It wasn’t long ago that a creative professional in Chattanooga had few employment options. If there was a vibe, there were few jobs and the compromise made the move to Nashville, Atlanta or farther away even more appetizing. Thankfully, that’s less true today, says Caleb Ludwick, a globe-trotting writer and copywriter who moved back to Chattanooga after years away from the city.
“When I moved back to Chattanooga in 2001, it was a fairly bleak scene for young writers,” he says. “There were some good agencies and some good corporate positions, but to a large degree the best option was to leave and pursue fortunes in bigger bergs. Eleven years later, things are very different. Amazing work is being done right here, more writers are involved in generating social good and impacting business than ever before.”
Ludwick is not a native Chattanoogan, but his wife is, and the allure of the city drew the couple back. Today, Ludwick oversees 26 Tools, a branding firm that develops communications platforms, strategies and tools that connect business with creativity. He is also the author of “The First Time She Fell,” a collection of short stories that includes illustrations and designs by current or former Chattanooga artists published earlier this year and profiled by The Pulse in February.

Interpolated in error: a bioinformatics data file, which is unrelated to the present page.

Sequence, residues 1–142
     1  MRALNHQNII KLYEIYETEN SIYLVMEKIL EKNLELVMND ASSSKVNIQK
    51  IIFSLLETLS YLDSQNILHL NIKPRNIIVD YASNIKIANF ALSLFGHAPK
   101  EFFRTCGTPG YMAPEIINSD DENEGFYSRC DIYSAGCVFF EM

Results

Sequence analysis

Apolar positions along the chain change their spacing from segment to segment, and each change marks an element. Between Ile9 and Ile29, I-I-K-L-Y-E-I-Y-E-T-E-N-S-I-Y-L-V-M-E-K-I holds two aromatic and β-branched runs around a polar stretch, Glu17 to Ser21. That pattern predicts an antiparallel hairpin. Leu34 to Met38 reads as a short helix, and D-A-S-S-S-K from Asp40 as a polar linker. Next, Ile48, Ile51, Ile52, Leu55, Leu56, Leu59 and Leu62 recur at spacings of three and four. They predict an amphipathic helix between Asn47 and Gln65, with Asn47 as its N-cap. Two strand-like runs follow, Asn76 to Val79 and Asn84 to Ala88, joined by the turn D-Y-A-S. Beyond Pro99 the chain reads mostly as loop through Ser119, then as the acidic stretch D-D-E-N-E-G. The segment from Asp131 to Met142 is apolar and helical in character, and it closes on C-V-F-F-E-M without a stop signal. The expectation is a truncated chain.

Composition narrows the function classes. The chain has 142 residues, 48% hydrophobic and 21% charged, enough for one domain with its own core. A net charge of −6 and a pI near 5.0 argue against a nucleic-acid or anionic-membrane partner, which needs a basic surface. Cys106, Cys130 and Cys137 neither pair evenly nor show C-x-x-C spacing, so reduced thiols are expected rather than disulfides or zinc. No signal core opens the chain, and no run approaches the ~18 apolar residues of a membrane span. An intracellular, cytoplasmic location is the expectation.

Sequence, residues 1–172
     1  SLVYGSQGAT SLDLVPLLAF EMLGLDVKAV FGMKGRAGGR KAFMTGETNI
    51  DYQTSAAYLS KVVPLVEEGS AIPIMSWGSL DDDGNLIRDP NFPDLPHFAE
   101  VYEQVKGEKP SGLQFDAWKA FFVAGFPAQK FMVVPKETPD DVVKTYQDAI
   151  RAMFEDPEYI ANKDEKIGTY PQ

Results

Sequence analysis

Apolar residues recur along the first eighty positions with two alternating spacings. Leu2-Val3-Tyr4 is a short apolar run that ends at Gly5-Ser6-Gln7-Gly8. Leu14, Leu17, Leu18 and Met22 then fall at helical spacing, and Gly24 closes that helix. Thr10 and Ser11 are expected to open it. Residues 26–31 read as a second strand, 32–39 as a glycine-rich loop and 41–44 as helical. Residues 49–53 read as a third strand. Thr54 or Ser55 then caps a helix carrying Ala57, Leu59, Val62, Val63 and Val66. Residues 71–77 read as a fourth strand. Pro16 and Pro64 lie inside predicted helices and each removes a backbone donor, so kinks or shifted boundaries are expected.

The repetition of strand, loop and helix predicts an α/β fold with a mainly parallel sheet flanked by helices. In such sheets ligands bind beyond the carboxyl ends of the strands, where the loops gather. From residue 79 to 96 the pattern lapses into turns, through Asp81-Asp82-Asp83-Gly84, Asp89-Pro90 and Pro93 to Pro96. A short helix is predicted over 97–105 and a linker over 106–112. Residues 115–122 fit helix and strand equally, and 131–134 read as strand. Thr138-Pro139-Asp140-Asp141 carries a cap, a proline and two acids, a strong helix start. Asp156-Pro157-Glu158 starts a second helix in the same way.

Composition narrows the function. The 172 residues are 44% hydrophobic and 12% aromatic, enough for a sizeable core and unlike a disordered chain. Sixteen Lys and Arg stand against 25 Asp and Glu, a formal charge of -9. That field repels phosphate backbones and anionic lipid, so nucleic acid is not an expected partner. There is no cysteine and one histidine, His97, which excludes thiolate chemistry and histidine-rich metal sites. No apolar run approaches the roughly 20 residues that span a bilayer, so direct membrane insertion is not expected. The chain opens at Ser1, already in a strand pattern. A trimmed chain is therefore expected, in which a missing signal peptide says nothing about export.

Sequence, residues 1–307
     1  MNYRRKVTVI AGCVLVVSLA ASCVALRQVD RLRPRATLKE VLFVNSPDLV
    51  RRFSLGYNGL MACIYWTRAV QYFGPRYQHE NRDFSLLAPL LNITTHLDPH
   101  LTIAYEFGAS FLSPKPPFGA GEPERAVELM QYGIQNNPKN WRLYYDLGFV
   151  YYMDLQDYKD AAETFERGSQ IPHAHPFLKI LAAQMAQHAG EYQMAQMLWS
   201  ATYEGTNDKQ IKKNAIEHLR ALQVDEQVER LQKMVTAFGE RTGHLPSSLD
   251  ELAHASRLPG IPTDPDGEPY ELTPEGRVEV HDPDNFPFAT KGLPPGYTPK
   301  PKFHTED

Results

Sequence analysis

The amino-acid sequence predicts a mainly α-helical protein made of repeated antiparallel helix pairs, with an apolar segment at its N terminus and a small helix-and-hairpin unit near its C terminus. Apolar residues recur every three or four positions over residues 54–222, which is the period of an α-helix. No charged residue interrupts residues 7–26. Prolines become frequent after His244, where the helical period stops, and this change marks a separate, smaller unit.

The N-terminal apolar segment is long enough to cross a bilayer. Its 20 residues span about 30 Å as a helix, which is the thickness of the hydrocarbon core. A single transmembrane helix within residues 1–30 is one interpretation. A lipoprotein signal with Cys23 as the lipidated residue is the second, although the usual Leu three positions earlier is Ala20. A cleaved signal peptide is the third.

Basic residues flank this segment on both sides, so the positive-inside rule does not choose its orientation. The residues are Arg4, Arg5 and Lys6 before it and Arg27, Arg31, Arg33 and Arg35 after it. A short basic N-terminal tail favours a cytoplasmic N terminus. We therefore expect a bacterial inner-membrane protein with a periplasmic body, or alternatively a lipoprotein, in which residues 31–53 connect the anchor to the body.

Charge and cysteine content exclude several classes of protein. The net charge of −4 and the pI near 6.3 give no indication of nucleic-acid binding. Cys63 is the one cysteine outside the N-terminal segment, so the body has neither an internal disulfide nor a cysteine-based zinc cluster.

Ludwick is also seeking to unify the Chattanooga creative community—or at least get most of them together in one room on a routine basis.
“There still isn’t a lot of collaboration between writers as a group,” he says. “As someone who has built a career on teaming up with social entrepreneurs, VPs and CEOs, other writers and especially graphic designers, I’d love to see Chattanooga’s best brand thinkers get together more often.”
To that end, Ludwick is speaking on Thursday, May 17, at Gaining Ground, 55 E. Main St., as the guest of the local chapter of the American Institute for Graphic Arts. During his free talk, “Why I’ve Stayed in Chattanooga,” which begins with a beer-aided mixer at 5:30 p.m., Ludwick will share his own advice, philosophy and story with designers and writers. After his presentation, he’ll host an open-ended discussion with participants.
“I’m hoping for some open dialogue about how we, as creatives, can push each other to better work—even when we’re competing for jobs,” he says.
Writers and designers are the twin engines that fuel creative projects in both the public and private sectors, and Ludwick is perhaps the perfect instigator. His topics range from the whimsical to the practical, and he’ll also explain why he turned down two Leadership Chattanooga nominations and a Yale graduate program, all in one half of an hour.
There is little to lose and much to gain from this event. As Ludwick points out, there was once little to meet about in Chattanooga. In a growing creative community, sharing experience and ideas benefits everyone and the opportunity for like minds to interact trumps competition and may even bring financial rewards through collaboration.
If you are a creative professional in Chattanooga, we encourage you to take part in this intriguing event.